The dignity of work

Jackie Norris is president and CEO of Goodwill of Central Iowa and a longtime political organizer who previously served as chief of staff to First Lady Michelle Obama. -promoted by desmoinesdem

Yesterday, Eric Donat shared with us his thoughts about employment for individuals with disabilities. I have to say, when I saw his post I was sad and mad. Sad at hearing about his personal experience and mad that someone did not feel dignity in their workplace.

As you may know, I am the new President and CEO of Goodwill of Central Iowa. We are based in the Des Moines area and our organization does not use the 14(c) special minimum wage certificate program which legally allowed organizations employing individuals with disabilities to pay sub-minimum wage. Goodwill of Northeast Iowa no longer does this either.

The original intent of the program was to provide a training wage based on piece per rate. The goal was to support individuals with disabilities by providing them training and an on-ramp into the workforce. I am not defending the program, just explaining what the U.S. Department of Labor intended when allowing this program to exist. There are examples across the country where individuals were mistreated or taken advantage of, and that should indeed make us all mad.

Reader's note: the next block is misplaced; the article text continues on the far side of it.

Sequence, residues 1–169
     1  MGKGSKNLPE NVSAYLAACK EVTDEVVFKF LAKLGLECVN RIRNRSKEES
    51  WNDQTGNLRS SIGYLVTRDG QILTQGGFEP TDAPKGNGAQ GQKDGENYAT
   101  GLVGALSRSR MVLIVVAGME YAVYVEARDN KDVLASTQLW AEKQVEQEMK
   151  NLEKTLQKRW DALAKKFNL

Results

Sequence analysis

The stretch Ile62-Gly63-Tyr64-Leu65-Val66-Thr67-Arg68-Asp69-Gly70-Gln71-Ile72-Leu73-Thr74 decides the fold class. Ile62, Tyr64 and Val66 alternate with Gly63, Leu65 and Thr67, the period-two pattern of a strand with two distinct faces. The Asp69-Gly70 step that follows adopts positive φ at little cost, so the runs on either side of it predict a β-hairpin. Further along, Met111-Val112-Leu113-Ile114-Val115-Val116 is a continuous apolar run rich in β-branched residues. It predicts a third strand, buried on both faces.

For your information, five Goodwill affiliates serve the state of Iowa, and none of those organizations currently participate in the special minimum wage certificate program. All trainees at Goodwill of Central Iowa, Goodwill of the Heartland, Goodwill of Northeast Iowa, Goodwill of the Great Plains, and Goodwill Omaha receive minimum wage while enrolled in programming, offering the opportunity to earn as they learn. In 2017 alone, those five organizations provided 182,383 services and helped 2,239 individuals with barriers find community employment. From the 53 stores in the state, $116 million in revenue last year helped to fund the programming serving individuals with disabilities or disadvantages.

At Goodwill of Central Iowa specifically, 85 cents of every dollar earned in stores goes to support our skills training and employment services.

Even more important to me is for everyone reading this post to understand that while many companies say they “value diversity in the workplace,” they have yet to walk the walk. Individuals with disabilities, ex-offenders and those with language or literacy barriers continue to have a higher rate of unemployment than others. If you want an action item, please encourage your human resources departments to be open to hiring individuals with barriers – let’s focus on what people CAN do, not what they can’t.

Thanks again, Eric, for being courageous to share your story. This is a very important issue.

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